Why should people put Fruit of the Drunken Tree on their summer reading list?
2018 has been such a bright year for books! There are so many wonderful books to read this summer. Fruit of the Drunken Tree is a story about a refugee family. We live in a time where we need to turn our attention and understand the plight of families who come searching for a better life in the U.S. Fruit of the Drunken Tree tells one such story.
Ingrid Rojas Contreras Summer Reading LIST
What is the best book you ever read?
One Hundred Years of Solitude, by Gabriel García Marquez—both in English and in Spanish. García Marquez loved Gregory Rabassa’s translation so much, he said that it was even better than the original. I would disagree, but both are stunning works of literature.
What is a good book to read on the beach?
I like to be a little disturbed at the beach. The best beach read experience I have ever had was taking Alexandra Kleeman’s You Too Can Have a Body Like Mine. Her book, the oceanside, and the sun at your back—it simply doesn’t get better.
Which book with travel as its theme is your favorite?
Ever since reading Moshin Hamid’s Exit West I have not been able to forget it. I think about it every time I get on an airplane. Hamid explores the privilege of the freedom to move by giving teleporting powers to the people of the world who are precisely lacking in this freedom—those who have been displaced from their homeland by war or natural disaster and find the doors of the world closed to them.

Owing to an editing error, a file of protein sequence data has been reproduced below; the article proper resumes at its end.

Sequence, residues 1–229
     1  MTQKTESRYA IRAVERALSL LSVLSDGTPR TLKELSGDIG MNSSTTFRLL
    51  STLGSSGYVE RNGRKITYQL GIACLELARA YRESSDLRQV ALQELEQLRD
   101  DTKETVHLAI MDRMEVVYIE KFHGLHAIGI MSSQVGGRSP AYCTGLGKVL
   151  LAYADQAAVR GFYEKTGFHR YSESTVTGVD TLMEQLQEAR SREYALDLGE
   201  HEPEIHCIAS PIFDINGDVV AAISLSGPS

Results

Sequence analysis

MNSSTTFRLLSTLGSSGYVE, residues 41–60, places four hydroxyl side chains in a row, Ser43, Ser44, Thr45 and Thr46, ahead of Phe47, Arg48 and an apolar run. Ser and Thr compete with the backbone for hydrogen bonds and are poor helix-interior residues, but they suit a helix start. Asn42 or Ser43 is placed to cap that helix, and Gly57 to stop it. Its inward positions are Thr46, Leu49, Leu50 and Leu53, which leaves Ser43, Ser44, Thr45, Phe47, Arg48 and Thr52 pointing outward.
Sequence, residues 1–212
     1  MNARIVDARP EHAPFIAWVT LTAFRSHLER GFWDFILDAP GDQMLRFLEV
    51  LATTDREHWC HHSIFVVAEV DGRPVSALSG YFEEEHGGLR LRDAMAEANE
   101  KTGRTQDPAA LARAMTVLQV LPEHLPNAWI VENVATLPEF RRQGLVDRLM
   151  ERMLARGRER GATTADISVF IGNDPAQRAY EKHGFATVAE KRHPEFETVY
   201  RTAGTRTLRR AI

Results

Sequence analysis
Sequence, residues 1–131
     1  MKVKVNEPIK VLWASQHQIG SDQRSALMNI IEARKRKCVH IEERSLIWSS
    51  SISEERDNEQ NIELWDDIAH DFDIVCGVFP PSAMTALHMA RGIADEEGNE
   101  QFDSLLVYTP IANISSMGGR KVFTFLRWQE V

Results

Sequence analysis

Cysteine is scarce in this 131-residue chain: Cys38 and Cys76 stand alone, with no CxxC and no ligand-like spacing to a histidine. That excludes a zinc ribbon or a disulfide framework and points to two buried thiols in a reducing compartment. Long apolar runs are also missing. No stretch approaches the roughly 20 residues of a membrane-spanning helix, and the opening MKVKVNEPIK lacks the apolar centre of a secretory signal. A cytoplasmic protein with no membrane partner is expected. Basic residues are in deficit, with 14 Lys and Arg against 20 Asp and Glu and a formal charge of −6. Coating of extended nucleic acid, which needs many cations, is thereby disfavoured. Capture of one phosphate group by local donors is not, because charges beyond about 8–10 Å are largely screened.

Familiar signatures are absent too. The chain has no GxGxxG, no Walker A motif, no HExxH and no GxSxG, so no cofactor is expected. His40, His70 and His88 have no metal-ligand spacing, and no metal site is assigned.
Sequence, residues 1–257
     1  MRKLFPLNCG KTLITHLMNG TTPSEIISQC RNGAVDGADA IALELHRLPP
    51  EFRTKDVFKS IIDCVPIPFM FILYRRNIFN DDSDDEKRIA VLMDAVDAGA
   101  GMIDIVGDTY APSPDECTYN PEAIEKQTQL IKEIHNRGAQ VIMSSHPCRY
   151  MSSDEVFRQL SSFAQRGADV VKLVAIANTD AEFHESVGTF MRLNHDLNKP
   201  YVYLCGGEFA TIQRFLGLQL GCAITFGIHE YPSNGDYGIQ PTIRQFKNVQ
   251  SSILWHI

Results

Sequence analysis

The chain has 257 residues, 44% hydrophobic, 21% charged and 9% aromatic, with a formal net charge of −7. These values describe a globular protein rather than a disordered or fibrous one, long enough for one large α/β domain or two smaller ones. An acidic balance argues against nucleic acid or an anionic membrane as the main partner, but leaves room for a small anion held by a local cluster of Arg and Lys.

Is there a book a friend recommended you should read?
Friends recommended author Marilynne Robinson to me for many years before I finally read her. Her prose is so beautiful and profoundly affecting, I can’t imagine not ever having read her books.
According to you, which book perfectly captures the feeling of summer?
As a debut writer, this summer I have fallen head over heels with all the works by my debut peers. To me, they say summer through and through. R.O. Kwon’s The Incendiaries, Lydia Kiesling’s The Golden State, Nicole Chung’s All You Can Ever Know, Lucy Tan’s What We Were Promised, Crystal Hana Kim’s If You Leave Me, and Tommy Orange’s There There. This season is shining so brightly with these stunning books!
What book are you excited to read this summer?
I am very excited to read Natalia Sylvester’s Everyone Knows You Go Home and Ivelisse Rodriguez’s Love War Stories. Just mentioning these books makes me want to run to my couch and crack open their spines.
Is there a book that evokes a special memory?
Frida Kahlo’s Diaries. When I left Colombia, I was only able to pack one suitcase. I bought her Diaries in Bogotá a year before we left, and it was one of two books I packed in my suitcase. Her Diaries are imprinted with the pain and intensity of what she was living, but they also vibrate with her sheer power of will, which I have found to be so inspiring. Whenever I glance at my bookshelf and see this book, the year before leaving Colombia and all the aftermath come back to me in a rush.